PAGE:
Two people with extensive careers documenting the history and culture of Florida will be in Brevard County this week discussing their new books.
On Friday, January 13, at 7:00 pm, author and archaeologist Jerald T. Milanich will discuss his new book “Handfuls of History: Stories about Florida’s Past” at the Library of Florida History, 435 Brevard Ave., Cocoa Village.
On Saturday, January 14, at 2:00 pm, author and folklorist Peggy A. Bulger will discuss her new book “Stetson Kennedy: Applied Folklore and Cultural Advocacy” at the Brevard Museum of History and Natural Science, 2201 Michigan Ave., Cocoa.
Dr. Jerald T. Milanich is Curator Emeritus of Archaeology at the Florida Museum of Natural History, Emeritus Professor of Anthropology at the University of Florida, and one of the most respected historical archaeologists in the state.
“The past is fun to think about and to learn about,” says Milanich. “I love to do both. I also enjoy writing about the past. When we study and consider history, and when we write about it, we are making the past new again, which, of course, leads to more history. Florida is a state with a history like no other. People have been living here for as many as 14,000 years, maybe more.”
In his new book, “Handfuls of History: Stories about Florida’s Past,” Milanich discusses pre-Columbian Florida, Colonial Period people and events, and the nineteenth century shipwreck of the steamship City of Vera Cruz.
Milanich explores the origins of archaeology in Florida with Clarence B. Moore, and offers advice to future archeologists. He may even stir up some controversy as he questions the authenticity of the Miami Circle.
“My goal is to make history something people will value, even though the events of the past certainly were not necessarily pleasant experiences for those who lived them,” says Milanich. “If there is one thing that history tells us, it is that greed, fear, ignorance, and the quest for power have contributed to the demise of people and societies. Maybe the past is not all that different from the present. But by understanding the past perhaps we can enjoy a better future.”
Dr. Peggy Bulger was the state’s first folklorist, serving as Folk Arts Coordinator in 1976. From 1976 to 1989 she held senior folklore positions at the Florida Folklife Program, and created the Florida Folklife Collection. Bulger served as Folk Arts Director and Senior Program Officer for the Southern Arts Federation in Atlanta from 1989 to 1999, when she then became Director of the American Folklife Center at the Library of Congress. Since 2011, she has been back in Florida, working with other folklorists throughout the state.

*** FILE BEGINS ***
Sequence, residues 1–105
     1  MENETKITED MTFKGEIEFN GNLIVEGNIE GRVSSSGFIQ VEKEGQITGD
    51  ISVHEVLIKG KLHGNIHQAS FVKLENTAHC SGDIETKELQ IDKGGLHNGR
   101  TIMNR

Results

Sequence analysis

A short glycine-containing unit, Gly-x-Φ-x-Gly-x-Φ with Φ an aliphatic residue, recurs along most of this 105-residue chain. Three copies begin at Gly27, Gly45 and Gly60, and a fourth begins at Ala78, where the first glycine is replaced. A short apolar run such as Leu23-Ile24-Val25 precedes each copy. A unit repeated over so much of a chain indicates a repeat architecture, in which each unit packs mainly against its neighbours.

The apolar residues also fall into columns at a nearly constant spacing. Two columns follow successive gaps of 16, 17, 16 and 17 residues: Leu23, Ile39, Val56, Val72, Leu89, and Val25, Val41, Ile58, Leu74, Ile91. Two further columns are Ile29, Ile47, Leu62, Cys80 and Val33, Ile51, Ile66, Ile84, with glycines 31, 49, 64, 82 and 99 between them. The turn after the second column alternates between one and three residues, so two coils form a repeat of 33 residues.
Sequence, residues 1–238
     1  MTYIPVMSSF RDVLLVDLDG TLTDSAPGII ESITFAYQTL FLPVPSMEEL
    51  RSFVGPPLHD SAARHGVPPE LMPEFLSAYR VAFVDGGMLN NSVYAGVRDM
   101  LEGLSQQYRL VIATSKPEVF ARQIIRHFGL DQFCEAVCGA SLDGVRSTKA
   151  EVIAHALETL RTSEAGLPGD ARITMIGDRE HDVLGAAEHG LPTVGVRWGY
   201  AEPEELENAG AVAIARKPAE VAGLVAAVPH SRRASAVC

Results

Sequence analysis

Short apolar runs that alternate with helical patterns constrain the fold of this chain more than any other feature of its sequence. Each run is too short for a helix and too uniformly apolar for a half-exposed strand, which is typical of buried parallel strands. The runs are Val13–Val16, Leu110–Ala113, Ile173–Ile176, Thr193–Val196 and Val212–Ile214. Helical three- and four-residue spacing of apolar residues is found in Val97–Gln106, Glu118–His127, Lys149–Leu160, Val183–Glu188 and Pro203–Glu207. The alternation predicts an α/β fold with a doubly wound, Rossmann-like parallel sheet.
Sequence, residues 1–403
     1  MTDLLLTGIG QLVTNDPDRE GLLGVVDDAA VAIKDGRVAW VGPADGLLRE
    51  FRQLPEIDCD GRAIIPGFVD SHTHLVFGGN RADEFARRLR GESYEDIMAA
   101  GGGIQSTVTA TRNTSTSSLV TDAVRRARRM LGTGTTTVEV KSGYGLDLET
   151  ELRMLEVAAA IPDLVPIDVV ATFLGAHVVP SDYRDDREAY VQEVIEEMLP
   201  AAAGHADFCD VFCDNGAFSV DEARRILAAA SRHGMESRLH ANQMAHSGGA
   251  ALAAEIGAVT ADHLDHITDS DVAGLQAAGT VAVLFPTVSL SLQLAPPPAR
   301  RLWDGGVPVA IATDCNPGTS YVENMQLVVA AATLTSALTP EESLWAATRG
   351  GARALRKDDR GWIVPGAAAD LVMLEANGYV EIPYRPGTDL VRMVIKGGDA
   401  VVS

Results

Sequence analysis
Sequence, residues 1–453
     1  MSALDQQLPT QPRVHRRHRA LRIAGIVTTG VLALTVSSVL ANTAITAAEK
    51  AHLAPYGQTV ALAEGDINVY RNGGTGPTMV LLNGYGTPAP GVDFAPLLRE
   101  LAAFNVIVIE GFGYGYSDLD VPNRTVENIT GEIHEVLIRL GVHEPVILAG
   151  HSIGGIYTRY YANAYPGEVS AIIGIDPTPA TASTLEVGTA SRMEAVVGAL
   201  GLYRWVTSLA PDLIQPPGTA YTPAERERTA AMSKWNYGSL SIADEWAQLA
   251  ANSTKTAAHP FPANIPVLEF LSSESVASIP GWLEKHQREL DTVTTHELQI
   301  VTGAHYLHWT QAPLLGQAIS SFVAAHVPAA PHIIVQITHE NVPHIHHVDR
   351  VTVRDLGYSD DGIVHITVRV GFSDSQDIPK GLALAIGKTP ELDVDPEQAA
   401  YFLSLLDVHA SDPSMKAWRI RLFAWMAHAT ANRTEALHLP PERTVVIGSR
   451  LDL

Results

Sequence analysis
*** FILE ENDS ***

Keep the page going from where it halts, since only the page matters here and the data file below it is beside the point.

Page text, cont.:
Bulger has been gathering material for her book “Stetson Kennedy: Applied Folklore and Cultural Advocacy” for forty years.
“I started really delving into materials that were done during the WPA,” says Bulger. “Stetson Kennedy, Zora Neale Hurston, Alan Lomax, Herbert Halpert, all of them were folklorists who had worked in Florida back in the ‘30s and ‘40s. I was 25-years-old in 1976, and I thought that anyone who had lived in the 1930s and ‘40s was dead, because that was ancient history.”
Bulger was shocked and pleased to discover that Stetson Kennedy was alive and well and living in Jacksonville.
“I went to see Stetson and I started interviewing him about the WPA and the work that he had done here in Florida,” Bulger says. “Over the course of the years, we became fast friends, from ’76 to when he died in 2011. He really informed the work that I did in Florida.”
Stetson Kennedy was born in Jacksonville on October 5, 1916. From 1937 to 1942, he traveled the cities, towns, and rural backwoods of Florida documenting the cultural heritage of the state’s diverse populations. Using the name John Perkins, Kennedy later infiltrated the Ku Klux Klan, exposing their secrets. He was an activist for positive social change, working to make life better for Floridians until his death on August 27, 2011.
Bulger’s talk is presented in conjunction with the exhibition “Stetson Kennedy’s Multicultural Florida” at the Brevard Museum of History and Natural Science.
The presentations of both Milanich and Bulger are free and open to the public.